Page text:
The motor is 49cc. To calculate volume required - say it's running at 5k rpm, a four stroke means one induction cycle in two rpm so that 49cc x 2500 or 122.5 litres or 0.1225 cubic metres air per minute. You'd need to work out how you can make it and the limits you have on the size of the bearings, centre core etc. and so work out the inside rotor diameter. To figure the outside you need to work out the swept area and figure the pressures, volumes and temps. You need to look up Boyles law, Charles law and the Ideal gas law. Roughly speaking and ignoring all sorts of real thermodynamics Ideal gas law says there's a direct relationship of; (P1*V1)/T1 = (P2*V2)/T2 where P=pressure, V=volume, T=temperature, 1= one side of the system, 2= other side of the system
Note the air temp will increase as its compressed by the act of compression and the energy lost to the air in the devices 20-30% inefficiency and the stirring losses as a result of the blade shape, rotor position, blade to housing gap. To get, say, a twice ambient pressure as a good four stage axial then the temp could easily double.
The angle of attack of the blade determines the speed of air flow through the device. No easy mathematical way to work this out but assume a lot and its ok. Say the same 2 x ambient and double the temp. Plug that into the equation above. The volume will change with pressure and temp. You know its a PR of ~1.2 so you know volume is going to reduce by a the same amout at each stage an you know the end result needs to be 0.1225 m^2 per minute at twice ambient. If you know the volume at each stage you can then play with the blade angle to determine speed as a function of rpm and the swept area to give a given volume passed at each stage.. Rough but it should be close enough. note you have to have a high rotational speed for these things to get the PRs to work.
Housing; the shape of the outer surface must follow the diameters of the rotors and you need as small a gap between the blades and the outer housing as possible.
I thought I could mount the rotors/stators on a common keyway that runs the length of the common power shaft ( except where the bearings are for the stators). This way they are positioned accurately.
Is there a program out there that could have these numbers input and give me a result?
I am not wanting it to be commercial grade so I couldn't I just make some approximations in the area of blade design and volume? Or is there a very small margin between working and not working on this type of compressor?
Devin, there's a wide margin between working and not working, sorry if I gave the impression otherwise, but the efficiencies do drop rapidly if the wrong choices are made or not calculated resulting in a lot less air than expected. You can assume a lot and just plan on changing the speed as necessary and make the rotors strong.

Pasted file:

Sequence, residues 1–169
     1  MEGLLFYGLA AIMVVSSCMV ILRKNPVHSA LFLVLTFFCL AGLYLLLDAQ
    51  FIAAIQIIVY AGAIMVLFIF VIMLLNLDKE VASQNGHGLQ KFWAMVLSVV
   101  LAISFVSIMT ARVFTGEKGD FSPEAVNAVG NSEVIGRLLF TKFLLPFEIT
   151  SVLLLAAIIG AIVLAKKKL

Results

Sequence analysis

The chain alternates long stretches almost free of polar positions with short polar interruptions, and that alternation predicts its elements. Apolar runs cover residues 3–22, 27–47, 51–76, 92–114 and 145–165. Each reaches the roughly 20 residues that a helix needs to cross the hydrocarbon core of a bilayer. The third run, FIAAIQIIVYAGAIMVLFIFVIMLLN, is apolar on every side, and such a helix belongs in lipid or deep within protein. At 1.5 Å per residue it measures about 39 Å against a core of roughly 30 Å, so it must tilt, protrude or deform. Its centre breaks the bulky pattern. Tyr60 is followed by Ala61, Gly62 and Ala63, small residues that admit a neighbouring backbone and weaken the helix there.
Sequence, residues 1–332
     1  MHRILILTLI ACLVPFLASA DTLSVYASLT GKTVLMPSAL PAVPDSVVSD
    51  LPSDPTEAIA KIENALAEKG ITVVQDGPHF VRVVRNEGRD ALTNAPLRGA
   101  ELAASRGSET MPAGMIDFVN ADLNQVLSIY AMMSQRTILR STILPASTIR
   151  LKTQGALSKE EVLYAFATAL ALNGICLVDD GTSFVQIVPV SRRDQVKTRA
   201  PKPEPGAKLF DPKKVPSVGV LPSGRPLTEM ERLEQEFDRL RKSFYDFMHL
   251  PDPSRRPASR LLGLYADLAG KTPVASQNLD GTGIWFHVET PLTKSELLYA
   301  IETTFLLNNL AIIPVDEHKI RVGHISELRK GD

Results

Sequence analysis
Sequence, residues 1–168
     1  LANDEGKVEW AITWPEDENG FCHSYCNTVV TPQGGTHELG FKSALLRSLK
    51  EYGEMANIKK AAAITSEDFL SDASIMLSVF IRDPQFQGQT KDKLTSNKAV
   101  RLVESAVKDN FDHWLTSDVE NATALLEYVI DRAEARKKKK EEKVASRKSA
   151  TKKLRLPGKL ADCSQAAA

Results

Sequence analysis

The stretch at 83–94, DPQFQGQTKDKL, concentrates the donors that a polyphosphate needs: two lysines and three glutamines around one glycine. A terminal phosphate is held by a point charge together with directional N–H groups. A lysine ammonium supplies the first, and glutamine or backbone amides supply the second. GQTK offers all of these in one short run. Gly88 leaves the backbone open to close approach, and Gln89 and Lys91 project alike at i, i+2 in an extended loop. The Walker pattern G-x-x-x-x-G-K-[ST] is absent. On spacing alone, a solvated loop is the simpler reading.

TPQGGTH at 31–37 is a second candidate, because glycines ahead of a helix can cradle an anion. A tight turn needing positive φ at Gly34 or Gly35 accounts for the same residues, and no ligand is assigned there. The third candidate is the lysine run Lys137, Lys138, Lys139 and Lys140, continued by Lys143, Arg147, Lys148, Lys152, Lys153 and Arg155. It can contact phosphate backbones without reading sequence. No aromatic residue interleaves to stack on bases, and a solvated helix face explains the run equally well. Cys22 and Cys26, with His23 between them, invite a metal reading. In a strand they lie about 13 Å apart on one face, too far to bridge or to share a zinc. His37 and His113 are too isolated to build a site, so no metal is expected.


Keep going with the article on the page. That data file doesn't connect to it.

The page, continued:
For the twist, think of the blade moving air at the same speed at the root and tip. Because the tip travels further and faster it's pitch should usually be less, just like a propeller. Another way calculate the twist angles is to ratio the distances travelled and since circumference = pi*D then the Tip Angle of Attack is (root diameter/tip diameter) * angle of root pitch. Say 2.5" root diameter, root angle 45 degrees, tip diameter 3.25" then Tip Angle of Attack =(2.5/3.25)*45 or 34.6 degrees. A straight line twist from 45 - 34.6 would be close enough.
NOTE; this is a gross approximation so real Mech/Aero or Thermo engineers please don't beat me up!
I finished the blade profile this weekend. I was going to cut some test blades but I just installed mach3 and forgot to setup my steppers with the new setup.
There is not much to the profile (so I did not post any pics) just a standard Joukowsky style airfoil profile for the blade. I am very curious to see how this will cut on my setup, givin the size constraints. I should have something this week.
Devin, Good job. Definitely be interested in seeing the blade. Couple of thoughts; Joukowsky airfoils have a cusp a the tail of the foil and because its a Joukowsky transform the tail is often extremely thin as well as curved. Be fun machining that... Second point was that the airfoil section in an axial compressor doesn't work quite the same as a free airfoil. Compressor section has much higher presssures on the underside and so the pitch is more important that the top foil section. Gives you much more licence to adapt the foil to machine well, such as thickening the tail section.
I know what your talking about on the tail of the airfoil. I was using geopath to generate the g-code and it did not like that thin section, especially since the entire blade is only about .750" in length. At its thinnest section, the tail was only .005" thick. So I took some liberty and fattened up the tail and added a small fillet to the end. We shall see.....
Another thought; how are you going to fuel this motor? Since its 49cc its probably not got Fuel injection so you've got to consider a carb. You can mount the blower after the carb and suck through but you can't blow through a carb unless you box in and pressure the entire carb. Either method will probably require different jetting from stock...
I had planned on trying suck-through first and then going from there based on results.
I set everything up on my machine lastnight, to cut the blades and found something I hadn't considered. I have my cnc rotary table mounted at 90 degrees and then a 4 jaw chuck and then a mandrel that the round blank is on. I will then cut a blade and then advance rotary table by a specific amount and cut the next blade. I am curious as to what the area around the blade root will look like. I think it may not be very smooth and round and am concerned what it will do to airflow. I am not sure how to program my 4th axis to compensate for this. Any ideas?